Portraits of Wildflowers

Perspectives on Nature Photography

Doeskin Ranch

with 15 comments

Click for greater clarity and considerably larger size.

It’s winter in Austin now, although you who live up north would have a hard time recognizing our milder weather as winter (the high temperature the last two days was in the 60s, for example). That said, even here there are fewer wildflowers now than at any other time of year, so, as you’ve already seen with the recently posted picture of a four-nerve daisy, I thought I’d take advantage of this slack season to show a few more of the many photographs I took last year that I didn’t manage to squeeze in sooner.

On August 31st of 2012 I spent some time wandering at the Doeskin Ranch, a nature preserve in Burnet County about an hour northwest of Austin. Although we had a normal amount of rain in central Texas last year, the pond at the former ranch had lost some of its water, and that drop in the water level exposed a ring of Chara algae around the pond. Green is the normal color of the algae, while white indicates that it has dried out.

If you’d like a straight-down and much closer look at some of this algae, I invite you to click the icon below. You’ll find that the stuff looks like noodles, but I don’t know if those would-be noodles are edible or palatable.

Click for greater size and clarity.

© 2013 Steven Schwartzman

Written by Steve Schwartzman

January 12, 2013 at 6:14 AM

15 Responses

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  1. It’s a beautiful lake !


    January 12, 2013 at 6:19 AM

  2. Steve – you might be interested in posting for this as you’ve got so many great shots:


    It comes courtesy of Chris over at:




    January 12, 2013 at 11:01 AM

    • Thanks for the links, Nancy. I see that the call for entries was made on December 26, which is more than two weeks ago. I wonder whether it isn’t too late now. I’ll try to find out.

      Steve Schwartzman

      January 12, 2013 at 11:56 AM

  3. Hi,
    The pond looks lovely and going by the moss it seemed the water level has dropped a bit, but it still looks fresh and the reflections in the water are fantastic.


    January 12, 2013 at 1:26 PM

    • The reflections got me, too, and I photographed them in various ways, in compositions both horizontal (as here) and vertical.

      Steve Schwartzman

      January 12, 2013 at 1:56 PM

  4. I like this post since learning of Doeskin Ranch near Lampasas. The noodle algae is quite interesting. You’ll have to list all of the nature preserves in Central Texas. That would be interesting with a pic or so with each one.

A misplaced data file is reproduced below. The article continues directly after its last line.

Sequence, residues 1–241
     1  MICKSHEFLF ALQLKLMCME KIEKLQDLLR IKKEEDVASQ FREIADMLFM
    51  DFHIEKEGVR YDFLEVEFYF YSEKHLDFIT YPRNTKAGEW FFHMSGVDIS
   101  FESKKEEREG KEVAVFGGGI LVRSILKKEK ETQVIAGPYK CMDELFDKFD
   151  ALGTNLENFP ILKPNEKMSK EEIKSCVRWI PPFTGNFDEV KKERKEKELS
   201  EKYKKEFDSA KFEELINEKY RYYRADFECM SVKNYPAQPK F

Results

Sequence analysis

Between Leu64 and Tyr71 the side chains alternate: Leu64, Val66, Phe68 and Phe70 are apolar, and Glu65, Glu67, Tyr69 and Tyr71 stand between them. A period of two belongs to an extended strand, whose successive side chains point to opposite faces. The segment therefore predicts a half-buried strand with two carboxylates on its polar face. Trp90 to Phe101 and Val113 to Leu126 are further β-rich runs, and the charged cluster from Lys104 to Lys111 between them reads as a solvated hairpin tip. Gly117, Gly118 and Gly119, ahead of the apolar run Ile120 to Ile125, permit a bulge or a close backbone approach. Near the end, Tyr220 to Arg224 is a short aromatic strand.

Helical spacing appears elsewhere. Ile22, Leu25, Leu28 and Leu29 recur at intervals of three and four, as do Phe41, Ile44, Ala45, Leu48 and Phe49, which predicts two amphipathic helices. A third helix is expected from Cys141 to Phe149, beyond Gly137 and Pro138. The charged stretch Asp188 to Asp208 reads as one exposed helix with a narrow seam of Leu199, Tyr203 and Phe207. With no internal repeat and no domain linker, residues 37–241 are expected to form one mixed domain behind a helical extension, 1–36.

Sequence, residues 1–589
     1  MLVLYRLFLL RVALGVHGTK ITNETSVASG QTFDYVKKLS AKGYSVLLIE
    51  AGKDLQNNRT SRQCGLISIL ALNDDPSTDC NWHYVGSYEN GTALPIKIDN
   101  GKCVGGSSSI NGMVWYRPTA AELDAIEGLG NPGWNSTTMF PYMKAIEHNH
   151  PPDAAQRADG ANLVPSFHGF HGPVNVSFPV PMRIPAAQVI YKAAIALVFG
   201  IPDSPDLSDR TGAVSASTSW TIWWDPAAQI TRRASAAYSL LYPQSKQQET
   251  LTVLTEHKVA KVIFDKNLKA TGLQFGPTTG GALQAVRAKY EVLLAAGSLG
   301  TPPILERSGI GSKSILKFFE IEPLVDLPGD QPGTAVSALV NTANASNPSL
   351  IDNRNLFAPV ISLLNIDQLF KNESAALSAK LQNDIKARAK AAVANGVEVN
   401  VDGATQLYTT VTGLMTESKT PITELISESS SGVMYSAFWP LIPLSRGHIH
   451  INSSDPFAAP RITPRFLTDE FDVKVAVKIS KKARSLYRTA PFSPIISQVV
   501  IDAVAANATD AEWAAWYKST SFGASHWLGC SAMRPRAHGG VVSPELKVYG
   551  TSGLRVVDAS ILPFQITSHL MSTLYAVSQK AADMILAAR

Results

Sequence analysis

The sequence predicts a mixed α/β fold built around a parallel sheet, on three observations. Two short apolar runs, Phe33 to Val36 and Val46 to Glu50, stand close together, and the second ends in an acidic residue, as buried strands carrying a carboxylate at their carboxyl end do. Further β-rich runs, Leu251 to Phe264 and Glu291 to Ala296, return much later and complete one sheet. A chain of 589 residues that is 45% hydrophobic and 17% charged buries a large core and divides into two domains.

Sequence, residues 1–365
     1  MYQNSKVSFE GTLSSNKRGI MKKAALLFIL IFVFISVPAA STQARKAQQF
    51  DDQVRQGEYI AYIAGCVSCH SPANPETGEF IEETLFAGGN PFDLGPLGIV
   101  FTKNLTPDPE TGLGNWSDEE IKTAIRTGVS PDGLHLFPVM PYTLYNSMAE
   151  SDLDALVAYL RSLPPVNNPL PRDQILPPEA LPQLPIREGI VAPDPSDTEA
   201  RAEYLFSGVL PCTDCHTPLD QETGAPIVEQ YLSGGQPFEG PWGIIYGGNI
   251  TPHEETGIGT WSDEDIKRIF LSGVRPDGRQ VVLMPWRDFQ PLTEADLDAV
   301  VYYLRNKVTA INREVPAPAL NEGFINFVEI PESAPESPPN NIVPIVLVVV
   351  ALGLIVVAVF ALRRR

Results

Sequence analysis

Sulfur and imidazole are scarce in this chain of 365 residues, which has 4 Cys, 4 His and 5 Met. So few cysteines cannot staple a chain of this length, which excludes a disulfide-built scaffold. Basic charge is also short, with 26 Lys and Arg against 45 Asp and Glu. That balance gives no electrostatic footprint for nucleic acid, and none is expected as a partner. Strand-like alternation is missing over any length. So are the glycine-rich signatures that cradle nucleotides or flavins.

January 12, 2013 at 1:31 PM

    • Since I began these posts in 2011 I’ve incidentally mentioned (and showed pictures from) some of the nature preserves in central Texas, but I’m afraid listing all of them would be too time-consuming a task.

      Steve Schwartzman

      January 12, 2013 at 2:00 PM

      • Oh, had not idea there were that many, It is good to know there are so many around. Thanks for reply. Your pics are enough for my old eyes any day.


        January 12, 2013 at 3:05 PM

  5. Beautiful indeed. It would be even more beautiful if we could get past this Texas drought and all lakes be full again. Nice shot.

    Jerry Stolarski

    January 14, 2013 at 8:19 PM

    • I heard a pessimistic forecast for 2013 in central Texas. Let’s hope the reality is better than the forecast.

      Steve Schwartzman

      January 14, 2013 at 10:18 PM

  6. […] ever to appear here. As a bonus you get another look at the Chara algae that was drying out at the edge of the water on that summer […]

  7. […] ago when I took part in a field trip that he led there; he was also the person who identified the chara algae for […]

  8. Amazing how closely your lake tree reflection resembles sea fan coral. And I’ve never seen anything like that algae. It does look remarkably like ramen noodles – but I don’t think I’d try a bowlful without a lot more information!


    January 18, 2013 at 8:21 AM

    • That is a good likeness to the sea fan coral, and not one I would ever have thought about. Thanks for pointing it out. I did a bit of searching for whether people can eat chara algae, but I didn’t find a statement one way or the other about it.

      Steve Schwartzman

      January 18, 2013 at 9:05 AM

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